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Re: Phorusrhacids killing large mammals in National Geographic Channel

Augusto Haro <augustoharo@gmail.com> wrote:

> Seriemas do not perform long flights, however. They are
> said to be
> helped climbing by the laterally compressed claws, 

I've heard this before, but I'm not sure what is meant by "climbing" in the 
context of seriemas (Cariamidae).  If seriemas do use their claws to help climb 
trees, how exactly are they doing it?  And what exactly are they climbing on 
(or up)?  Branches?  Inclined tree trunks?  I'm not picking on you, Augusto.  
:-)  I just find the idea of climbing seriemas very interesting, and would like 
more information.

I've also read that the enlarged, curved inner claw (second toe) of the seriema 
is also used as a climbing aid.  Again, the source did not describe exactly 
*how* these sickle-claws helped in climbing.

> which
> are also
> present in Phorusrhacids. So perhaps they were not very
> different to
> the smaller phorusrhacids in habits.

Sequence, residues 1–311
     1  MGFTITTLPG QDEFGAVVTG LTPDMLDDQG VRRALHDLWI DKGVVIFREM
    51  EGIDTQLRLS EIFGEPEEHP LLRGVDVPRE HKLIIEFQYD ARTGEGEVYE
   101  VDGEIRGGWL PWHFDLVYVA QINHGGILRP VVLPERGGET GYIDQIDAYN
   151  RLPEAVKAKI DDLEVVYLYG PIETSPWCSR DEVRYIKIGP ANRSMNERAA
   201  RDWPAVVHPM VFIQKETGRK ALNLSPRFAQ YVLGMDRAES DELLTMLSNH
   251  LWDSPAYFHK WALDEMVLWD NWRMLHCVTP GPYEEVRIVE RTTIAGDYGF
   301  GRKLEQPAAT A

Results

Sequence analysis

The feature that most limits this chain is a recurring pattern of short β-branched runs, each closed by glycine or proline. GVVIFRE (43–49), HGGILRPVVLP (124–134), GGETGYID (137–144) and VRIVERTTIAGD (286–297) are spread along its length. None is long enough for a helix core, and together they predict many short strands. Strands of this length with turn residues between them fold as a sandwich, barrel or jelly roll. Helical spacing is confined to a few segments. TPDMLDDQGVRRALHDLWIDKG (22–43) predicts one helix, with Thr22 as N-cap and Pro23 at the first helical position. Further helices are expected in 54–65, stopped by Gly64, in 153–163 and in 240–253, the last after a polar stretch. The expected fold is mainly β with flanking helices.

Seriemas are predominantly terrestrial, and hunt small vertebrates.  (They also 
eat insects and some plants).  Seriemas can nest and roost in trees, although 
the foot isn't adapted for perching.  However, the idea that psilopterids could 
fly was rejected by Alvarenga and HÃfling (2003), who argued that the ulna was 
far too short.

Alvarenga, H.M.F. and HÃfling, E. (2003). Systematic Revision of the 
Phorusrhacidae (Aves: Ralliformes). PapÃis Avulsos de Zoologia 43: 55â91. 

David Marjanovic wrote:

> Most, if not all, of the tale of the nasty bacteria in *Varanus 
> komodoensis* (that's right: ko-mo-do-en-sis) spittle is demonstrably 
> false. The symptoms of being bitten don't fit an infection, but they
> fit snake venoms, and indeed the beast produces a pretty serious venom.
> Was all over the science news a year or three ago.

The idea that the Komodo dragon (ora) delivers a load of pathogenic bacteria in 
its saliva while biting, and then waits for the prey to slowly die of sepsis, 
is entirely anecdotal.  These guys were venomous.  The definitive study 
appeared earlier this year...

Fry et al. (2009). A 
_Varanus komodoensis_ (Komodo Dragon) and the extinct giant _Varanus_ 
(_Megalania_) priscus.  Proc Natl Acad Sci USA. 106: 8969-8974.